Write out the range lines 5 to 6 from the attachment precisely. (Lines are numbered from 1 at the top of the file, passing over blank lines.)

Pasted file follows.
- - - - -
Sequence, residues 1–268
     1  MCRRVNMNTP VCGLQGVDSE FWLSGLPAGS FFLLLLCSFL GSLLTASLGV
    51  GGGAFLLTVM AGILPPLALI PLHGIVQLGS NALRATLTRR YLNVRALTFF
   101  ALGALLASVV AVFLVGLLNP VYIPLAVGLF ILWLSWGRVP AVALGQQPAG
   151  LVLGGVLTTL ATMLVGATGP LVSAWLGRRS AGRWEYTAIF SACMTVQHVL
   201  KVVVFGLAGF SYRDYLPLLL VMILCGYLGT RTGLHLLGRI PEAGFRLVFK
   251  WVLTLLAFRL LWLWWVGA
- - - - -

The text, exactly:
   151  LVLGGVLTTL ATMLVGATGP LVSAWLGRRS AGRWEYTAIF SACMTVQHVL
   201  KVVVFGLAGF SYRDYLPLLL VMILCGYLGT RTGLHLLGRI PEAGFRLVFK